I’m afraid of sharing too much…or not enough.

This is one of many Fear Confessions in which creatives share personal stories about facing their fears. Let’s celebrate vulnerability with Erica Midkiff as she shares her fear of sharing too much…or not enough.


I’m a researcher, an observer, a fact collector—which means that my default is to read a situation and then see how I can fit into it, or to gather a bunch of examples before diving into a project. When I started writing this post, I had to force myself not to read every single Fear Confession that has ever been published first (to make sure I did it “right”). Instead, I made a list of my fears and I started writing about a couple of them. But each time I really got into it, I became worried I was doing it wrong by sharing too much—or too little.

Let me explain. A couple of years ago, I read a great piece of advice from Brené Brown over on the Braid Creative blog, and it’s one I come back to again and again: Share what is vulnerable, not what is intimate. Brené talks about this in her work, too—that people need to earn the right to hear your deepest stories.

But I’ve realized lately that I have a hard time knowing where the line is between vulnerability and intimacy. Because as much as I love researching and observing and fact collecting, I also love connecting. I’m really into self-reflection and growth, and I love talking about what I’m learning. If I feel comfortable with someone, I often want to open up all the way, to enter into a deep, meaningful conversation. But when those conversations are successful, it’s because I already know I trust that person. When I’m put on the spot, I sometimes have a hard time knowing whether to open up or sit back and observe, so I sometimes end up awkwardly sharing too much to the wrong person, or I stay quiet and only later realize I missed an opportunity for beautiful connection.

I’m sure you can see, then, why this post is so hard for me to write. I don’t know you. I can’t research you, can’t read the room (I don’t even know what room you’re in!), can’t figure out how exactly I fit into your world. So instead, I have to rely on myself to make the call. I have to look inside of me, examine my own feelings, be the only judge—and that, if we’re being honest, is hard.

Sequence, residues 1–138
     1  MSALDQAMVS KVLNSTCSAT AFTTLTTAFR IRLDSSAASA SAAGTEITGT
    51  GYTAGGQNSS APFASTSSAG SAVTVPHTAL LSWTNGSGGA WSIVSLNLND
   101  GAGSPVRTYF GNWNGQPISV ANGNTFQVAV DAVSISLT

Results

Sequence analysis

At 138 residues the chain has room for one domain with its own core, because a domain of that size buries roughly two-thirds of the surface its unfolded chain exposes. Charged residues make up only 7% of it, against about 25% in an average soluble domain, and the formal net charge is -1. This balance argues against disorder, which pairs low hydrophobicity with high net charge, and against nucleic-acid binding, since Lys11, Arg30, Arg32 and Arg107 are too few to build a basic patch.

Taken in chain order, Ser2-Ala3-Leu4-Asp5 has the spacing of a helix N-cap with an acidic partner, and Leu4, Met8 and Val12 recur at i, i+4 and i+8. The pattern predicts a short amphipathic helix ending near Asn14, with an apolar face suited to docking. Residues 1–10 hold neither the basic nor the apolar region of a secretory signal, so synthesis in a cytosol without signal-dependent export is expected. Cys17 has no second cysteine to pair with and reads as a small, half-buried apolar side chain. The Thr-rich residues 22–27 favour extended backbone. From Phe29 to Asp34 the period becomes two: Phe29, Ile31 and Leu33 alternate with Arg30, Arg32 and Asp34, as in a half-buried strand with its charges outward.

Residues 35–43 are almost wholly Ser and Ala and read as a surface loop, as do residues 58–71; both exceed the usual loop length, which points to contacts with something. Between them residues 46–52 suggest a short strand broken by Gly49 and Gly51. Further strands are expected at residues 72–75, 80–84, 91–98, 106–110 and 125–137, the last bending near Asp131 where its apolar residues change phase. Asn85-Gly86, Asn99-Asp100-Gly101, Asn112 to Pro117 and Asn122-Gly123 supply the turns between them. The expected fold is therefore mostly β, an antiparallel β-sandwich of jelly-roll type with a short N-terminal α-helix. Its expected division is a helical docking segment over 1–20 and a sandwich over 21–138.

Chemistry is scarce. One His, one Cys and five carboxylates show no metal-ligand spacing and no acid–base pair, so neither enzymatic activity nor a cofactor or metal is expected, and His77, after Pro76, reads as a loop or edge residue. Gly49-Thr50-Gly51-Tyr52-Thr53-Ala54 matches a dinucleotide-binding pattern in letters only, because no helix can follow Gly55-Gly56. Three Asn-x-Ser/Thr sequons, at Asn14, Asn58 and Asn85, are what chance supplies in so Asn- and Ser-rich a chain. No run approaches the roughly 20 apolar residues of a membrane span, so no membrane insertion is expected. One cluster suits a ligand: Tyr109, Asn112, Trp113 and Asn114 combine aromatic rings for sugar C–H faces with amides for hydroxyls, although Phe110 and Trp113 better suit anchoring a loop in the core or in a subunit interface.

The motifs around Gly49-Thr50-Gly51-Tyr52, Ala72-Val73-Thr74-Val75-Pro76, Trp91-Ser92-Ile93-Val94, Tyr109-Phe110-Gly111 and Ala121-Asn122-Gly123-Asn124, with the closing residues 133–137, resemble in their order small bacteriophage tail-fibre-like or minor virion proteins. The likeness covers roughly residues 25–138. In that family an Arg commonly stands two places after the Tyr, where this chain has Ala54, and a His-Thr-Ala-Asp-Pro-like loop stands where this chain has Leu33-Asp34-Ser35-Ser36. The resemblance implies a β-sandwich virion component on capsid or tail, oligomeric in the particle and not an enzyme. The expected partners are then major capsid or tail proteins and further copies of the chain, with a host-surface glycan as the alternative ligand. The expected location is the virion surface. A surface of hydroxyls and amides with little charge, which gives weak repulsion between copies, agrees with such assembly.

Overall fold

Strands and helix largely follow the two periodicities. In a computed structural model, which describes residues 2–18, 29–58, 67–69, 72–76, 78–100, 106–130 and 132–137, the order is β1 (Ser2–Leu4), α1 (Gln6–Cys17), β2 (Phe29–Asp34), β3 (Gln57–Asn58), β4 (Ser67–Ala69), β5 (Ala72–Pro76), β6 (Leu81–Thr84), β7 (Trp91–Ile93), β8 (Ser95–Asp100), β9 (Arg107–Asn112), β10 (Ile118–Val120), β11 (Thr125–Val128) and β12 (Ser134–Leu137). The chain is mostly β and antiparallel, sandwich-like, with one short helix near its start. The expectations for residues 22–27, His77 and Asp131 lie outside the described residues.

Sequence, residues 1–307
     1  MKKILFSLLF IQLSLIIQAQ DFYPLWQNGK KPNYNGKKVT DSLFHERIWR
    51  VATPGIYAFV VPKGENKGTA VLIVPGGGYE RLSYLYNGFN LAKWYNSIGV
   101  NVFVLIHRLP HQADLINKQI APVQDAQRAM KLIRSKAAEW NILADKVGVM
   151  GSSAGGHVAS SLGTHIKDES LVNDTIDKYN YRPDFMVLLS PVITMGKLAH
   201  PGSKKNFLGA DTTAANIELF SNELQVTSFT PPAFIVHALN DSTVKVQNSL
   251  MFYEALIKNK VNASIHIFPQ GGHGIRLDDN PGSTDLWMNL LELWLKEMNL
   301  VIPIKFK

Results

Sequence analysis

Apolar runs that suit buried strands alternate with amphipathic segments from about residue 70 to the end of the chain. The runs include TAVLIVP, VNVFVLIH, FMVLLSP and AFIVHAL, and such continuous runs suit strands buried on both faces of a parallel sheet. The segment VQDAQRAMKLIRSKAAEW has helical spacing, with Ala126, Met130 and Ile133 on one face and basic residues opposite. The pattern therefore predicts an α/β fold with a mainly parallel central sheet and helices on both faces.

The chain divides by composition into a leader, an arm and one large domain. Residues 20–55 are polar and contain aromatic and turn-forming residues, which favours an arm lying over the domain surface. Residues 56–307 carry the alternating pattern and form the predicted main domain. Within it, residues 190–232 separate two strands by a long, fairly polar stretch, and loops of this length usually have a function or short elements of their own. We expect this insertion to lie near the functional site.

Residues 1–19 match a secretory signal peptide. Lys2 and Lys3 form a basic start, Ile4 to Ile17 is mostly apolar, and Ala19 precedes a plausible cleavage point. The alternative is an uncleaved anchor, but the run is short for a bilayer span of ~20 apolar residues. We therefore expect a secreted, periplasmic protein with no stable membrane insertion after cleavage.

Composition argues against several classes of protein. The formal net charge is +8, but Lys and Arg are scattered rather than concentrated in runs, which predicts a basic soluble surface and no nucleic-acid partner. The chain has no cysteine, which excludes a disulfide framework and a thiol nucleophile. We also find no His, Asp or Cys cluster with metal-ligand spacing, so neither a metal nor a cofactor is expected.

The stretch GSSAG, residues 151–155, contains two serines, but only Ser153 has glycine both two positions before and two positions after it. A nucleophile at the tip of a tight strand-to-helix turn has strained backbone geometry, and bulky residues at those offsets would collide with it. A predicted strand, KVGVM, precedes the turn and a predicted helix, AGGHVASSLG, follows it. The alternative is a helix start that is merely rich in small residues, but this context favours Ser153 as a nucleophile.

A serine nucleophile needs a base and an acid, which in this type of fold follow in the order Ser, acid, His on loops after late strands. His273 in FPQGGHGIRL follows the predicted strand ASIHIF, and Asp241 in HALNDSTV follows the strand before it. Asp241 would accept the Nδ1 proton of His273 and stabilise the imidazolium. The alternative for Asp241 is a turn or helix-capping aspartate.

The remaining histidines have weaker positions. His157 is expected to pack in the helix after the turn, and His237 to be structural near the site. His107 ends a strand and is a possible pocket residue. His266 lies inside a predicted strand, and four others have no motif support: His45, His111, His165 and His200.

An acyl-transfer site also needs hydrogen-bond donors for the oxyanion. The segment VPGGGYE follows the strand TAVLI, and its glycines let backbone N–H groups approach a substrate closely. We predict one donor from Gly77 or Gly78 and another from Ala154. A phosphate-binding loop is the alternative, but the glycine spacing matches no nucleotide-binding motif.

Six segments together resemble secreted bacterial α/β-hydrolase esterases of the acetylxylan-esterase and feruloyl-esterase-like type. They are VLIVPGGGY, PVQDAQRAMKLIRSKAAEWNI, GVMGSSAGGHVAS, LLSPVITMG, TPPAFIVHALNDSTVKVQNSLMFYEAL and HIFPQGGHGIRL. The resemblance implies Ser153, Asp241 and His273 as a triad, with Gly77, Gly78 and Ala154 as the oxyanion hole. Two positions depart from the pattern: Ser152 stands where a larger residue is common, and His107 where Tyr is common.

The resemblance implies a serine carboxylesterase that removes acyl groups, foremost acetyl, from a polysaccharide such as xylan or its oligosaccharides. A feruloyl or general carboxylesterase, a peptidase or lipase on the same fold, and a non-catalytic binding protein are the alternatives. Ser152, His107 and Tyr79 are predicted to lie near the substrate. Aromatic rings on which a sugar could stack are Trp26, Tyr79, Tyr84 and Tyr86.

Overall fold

So I’m afraid that I’m not sharing enough with you—that I’m sharing something too safe, too boring, too bland. But on the flip side, I’m afraid that I’m opening up too much—that you’ll judge me, that it’s too much too fast.

So I’m relying on a trick I use in my work. I teach my content coaching clients to do a last read of a piece they’re about to publish and then close their eyes, imagine publishing it, think about how they feel, and then analyze those feelings. If they feel fear, for example, is it because they know there’s a side of the story they need to share in the piece but haven’t yet? If so, more writing and editing might be needed. But if they feel that fear we all face of putting themselves out there simply because that’s a hard thing to do, but they can’t identify anything legitimately wrong with their piece, it’s probably time to hit publish.

So while I am afraid I’ve done this all wrong, I’m stopping. I’m closing my eyes—right now, I’m doing it.

Am I still afraid? Yep. But I’m hitting publish anyway.

Erica Midkiff is a content coach who helps creative entrepreneurs explore their ideas, shape their core message, and share content with meaning. She believes wholeheartedly in the magic that happens when you combine clarity and consistency. In her spare time, she wrangles three rambunctious kitties with the love of her live in Birmingham, Alabama. She loves hanging out on Instagram (and so do her kitties).

Image credit: Erica Midkiff and Emma of W&E Photographie

  1. I remember reading Brené’s advice in that post and it stuck with me, too. I don’t feel the need to share everything about my personal life online, but then I wonder if I could make more connections if I did share *just a bit* more.

    “… I sometimes end up awkwardly sharing too much to the wrong person, or I stay quiet and only later realize I missed an opportunity for beautiful connection.”

    Being vulnerable is scary, yes, but what if “awkwardly sharing too much” is the only way to make meaningful connections and there’s no way around it? Sure, some people might back away slowly, but that’s not a failed connection. It’s part of the process.

    Maybe visualizing it differently could help. Next time we’re faced with the choice to jump in or sit back, let’s think about this guy: https://www.youtube.com/watch?v=GA8z7f7a2Pk.